There’s often a lot of buzz surrounding company culture among big businesses, but the idea is just as beneficial to small businesses, like hair salons. And at the root of culture are values.
Your salon’s ideal culture can only be achieved if you have specific values put into place.
What Constitutes Values?
Maybe you’re wondering what we mean by “values.” Simply put, values are the core principles by which you do business. They represent what the salon stands for and what sets it apart from all the rest.
What are Effective Values for Hair Salons?
The values you incorporate into your salon should be ones that are important to you personally. They should allow clients and staff to get a sense of what you’re all about. Because of this, not every salon will have the same values.
That said, here are 5 can’t-fail ones to give you an idea of what we mean. Start with this list and then customize it as desired.
1. Team Work
Working together, resolving issues calmly, and striving for the same goals allows a group of stylists to co-exist with little competition and plenty of camaraderie.
To create a culture that keeps clients coming back time and again, include excellence in your list of values. Never settle for doing mediocre work; continually put your best foot forward and you’ll see amazing results.
Integrity is all about living up to your word and being honest. With fellow stylists and with clients, never promise something you can’t deliver and always do what you say you’ll do.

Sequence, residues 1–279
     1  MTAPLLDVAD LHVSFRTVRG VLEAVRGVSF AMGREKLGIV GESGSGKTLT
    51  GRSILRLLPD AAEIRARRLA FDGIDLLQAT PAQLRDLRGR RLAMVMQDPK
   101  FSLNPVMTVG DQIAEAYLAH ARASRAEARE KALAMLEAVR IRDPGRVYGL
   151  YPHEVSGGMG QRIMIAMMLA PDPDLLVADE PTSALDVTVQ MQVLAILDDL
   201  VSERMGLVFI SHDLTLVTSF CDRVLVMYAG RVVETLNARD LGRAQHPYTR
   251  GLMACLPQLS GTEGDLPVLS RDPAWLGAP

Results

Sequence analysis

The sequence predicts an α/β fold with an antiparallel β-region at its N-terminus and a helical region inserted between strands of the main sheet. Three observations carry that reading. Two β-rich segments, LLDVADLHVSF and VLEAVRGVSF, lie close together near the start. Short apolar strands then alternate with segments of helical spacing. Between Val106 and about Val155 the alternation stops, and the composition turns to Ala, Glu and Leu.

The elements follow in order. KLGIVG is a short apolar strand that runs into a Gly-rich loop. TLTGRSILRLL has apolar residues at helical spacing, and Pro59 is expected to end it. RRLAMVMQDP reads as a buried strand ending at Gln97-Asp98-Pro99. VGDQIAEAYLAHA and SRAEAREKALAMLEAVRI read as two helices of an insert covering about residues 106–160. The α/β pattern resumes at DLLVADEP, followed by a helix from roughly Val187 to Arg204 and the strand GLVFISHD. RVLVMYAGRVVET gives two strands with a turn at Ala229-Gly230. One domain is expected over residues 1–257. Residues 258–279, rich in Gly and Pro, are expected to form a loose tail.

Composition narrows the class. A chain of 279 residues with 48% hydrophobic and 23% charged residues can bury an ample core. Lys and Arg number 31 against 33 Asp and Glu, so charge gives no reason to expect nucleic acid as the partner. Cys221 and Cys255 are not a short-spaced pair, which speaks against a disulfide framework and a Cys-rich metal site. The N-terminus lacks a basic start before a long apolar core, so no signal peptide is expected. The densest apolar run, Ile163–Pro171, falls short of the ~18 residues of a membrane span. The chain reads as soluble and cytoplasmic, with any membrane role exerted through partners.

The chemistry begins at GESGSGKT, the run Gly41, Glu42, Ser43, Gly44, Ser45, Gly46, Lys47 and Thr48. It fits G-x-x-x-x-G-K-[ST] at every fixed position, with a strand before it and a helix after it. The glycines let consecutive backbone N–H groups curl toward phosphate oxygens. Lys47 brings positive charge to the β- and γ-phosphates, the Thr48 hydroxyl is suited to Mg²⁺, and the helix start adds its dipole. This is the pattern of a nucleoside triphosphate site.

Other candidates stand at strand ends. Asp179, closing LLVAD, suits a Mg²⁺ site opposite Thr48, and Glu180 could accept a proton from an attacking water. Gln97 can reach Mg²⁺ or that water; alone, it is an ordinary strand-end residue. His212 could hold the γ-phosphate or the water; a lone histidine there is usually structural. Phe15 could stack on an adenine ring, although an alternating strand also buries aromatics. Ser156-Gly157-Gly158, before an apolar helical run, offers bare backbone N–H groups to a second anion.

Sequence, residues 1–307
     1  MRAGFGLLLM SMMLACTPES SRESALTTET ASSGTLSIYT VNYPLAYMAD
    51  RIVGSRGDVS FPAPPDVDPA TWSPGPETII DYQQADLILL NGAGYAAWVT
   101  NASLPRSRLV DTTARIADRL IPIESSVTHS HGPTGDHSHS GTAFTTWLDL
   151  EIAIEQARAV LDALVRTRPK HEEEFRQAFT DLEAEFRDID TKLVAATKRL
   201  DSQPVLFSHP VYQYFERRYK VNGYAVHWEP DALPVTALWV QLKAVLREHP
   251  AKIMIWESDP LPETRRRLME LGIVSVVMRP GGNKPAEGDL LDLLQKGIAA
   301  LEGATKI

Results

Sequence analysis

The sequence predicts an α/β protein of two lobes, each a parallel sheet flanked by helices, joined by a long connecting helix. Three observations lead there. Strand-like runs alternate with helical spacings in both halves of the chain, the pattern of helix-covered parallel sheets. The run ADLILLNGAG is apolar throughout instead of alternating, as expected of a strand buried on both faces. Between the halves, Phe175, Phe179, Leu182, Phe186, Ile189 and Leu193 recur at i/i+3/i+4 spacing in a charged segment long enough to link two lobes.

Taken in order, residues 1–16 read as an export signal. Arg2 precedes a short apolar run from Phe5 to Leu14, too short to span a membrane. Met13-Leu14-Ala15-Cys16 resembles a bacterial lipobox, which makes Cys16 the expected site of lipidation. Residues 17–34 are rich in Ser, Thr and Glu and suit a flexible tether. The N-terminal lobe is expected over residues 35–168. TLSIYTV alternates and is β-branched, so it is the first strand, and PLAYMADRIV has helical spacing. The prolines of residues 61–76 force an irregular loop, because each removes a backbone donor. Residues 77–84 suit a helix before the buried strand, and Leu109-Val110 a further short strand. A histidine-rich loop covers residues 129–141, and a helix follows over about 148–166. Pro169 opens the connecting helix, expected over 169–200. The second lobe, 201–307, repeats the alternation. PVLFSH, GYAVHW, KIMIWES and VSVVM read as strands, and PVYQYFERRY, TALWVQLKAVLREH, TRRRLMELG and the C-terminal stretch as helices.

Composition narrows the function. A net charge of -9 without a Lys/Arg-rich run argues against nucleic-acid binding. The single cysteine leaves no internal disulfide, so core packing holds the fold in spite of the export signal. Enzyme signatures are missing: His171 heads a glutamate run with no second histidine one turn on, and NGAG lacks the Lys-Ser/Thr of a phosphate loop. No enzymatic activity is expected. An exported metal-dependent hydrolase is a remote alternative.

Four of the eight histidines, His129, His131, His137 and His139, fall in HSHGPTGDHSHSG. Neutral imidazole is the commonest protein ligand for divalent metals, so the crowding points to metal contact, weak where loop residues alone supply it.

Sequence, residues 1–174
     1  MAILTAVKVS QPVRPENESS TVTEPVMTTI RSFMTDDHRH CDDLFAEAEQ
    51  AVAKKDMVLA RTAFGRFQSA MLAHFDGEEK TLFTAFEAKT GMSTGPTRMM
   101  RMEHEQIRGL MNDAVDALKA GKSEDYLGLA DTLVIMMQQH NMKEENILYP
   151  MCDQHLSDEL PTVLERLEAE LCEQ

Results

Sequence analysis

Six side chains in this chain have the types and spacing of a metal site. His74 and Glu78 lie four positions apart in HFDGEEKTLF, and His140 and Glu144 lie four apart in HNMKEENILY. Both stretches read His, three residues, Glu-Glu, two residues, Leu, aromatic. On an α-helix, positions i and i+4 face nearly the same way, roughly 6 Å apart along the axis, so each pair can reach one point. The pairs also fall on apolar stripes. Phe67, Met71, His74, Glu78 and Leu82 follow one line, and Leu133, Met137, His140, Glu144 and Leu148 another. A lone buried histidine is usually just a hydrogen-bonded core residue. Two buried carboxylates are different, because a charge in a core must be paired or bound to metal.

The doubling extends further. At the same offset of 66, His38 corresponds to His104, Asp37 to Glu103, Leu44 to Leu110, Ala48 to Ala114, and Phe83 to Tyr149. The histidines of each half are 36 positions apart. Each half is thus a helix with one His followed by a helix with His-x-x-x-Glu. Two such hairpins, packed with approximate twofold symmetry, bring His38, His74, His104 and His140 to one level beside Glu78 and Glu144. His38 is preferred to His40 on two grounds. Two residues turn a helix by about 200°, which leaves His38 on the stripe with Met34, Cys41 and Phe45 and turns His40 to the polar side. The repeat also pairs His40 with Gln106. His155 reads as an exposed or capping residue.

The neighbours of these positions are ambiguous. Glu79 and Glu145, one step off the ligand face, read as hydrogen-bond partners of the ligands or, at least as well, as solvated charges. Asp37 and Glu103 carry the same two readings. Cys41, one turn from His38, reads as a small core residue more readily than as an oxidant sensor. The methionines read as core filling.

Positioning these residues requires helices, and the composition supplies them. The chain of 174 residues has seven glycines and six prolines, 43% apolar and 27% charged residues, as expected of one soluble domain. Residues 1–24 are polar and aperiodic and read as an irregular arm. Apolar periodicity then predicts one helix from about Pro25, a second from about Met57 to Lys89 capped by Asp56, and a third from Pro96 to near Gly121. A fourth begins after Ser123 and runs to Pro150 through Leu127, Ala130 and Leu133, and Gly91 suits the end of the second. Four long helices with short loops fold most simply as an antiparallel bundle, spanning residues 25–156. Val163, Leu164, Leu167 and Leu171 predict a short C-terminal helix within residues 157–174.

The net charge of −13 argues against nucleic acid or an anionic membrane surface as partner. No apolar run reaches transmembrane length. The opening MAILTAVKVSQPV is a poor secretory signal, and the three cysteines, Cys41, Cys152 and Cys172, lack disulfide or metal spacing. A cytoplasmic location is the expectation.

A big part of the culture you create in a salon revolves around communication. How well your stylists and employees interact with one another can either cause tension — which clients pick up on — or encourage a positive work environment.
Whether it’s attending regular styling workshops, learning from your mistakes, or staying up-to-date on the latest trends, education is crucial to the success of a salon. Be sure it gets included in your values list and that you’re constantly striving to become better educated.
Where Can Excellent Hair Salon Values be Found?
At The Salon by Lora Brown, we’re a family. We understand the importance of creating a culture in which our employees thrive and our clients receive remarkable service every time. We support our employees’ career goals and do everything in our power to assist them in achieving those goals.
If you’re looking for a new salon home and want to be part of a positive culture with exceptional values and educational opportunities, reach out to us today.
Lora Brown is a master stylist and the owner of The Salon by Lora Brown. She has worked in the salon industry for 30 years.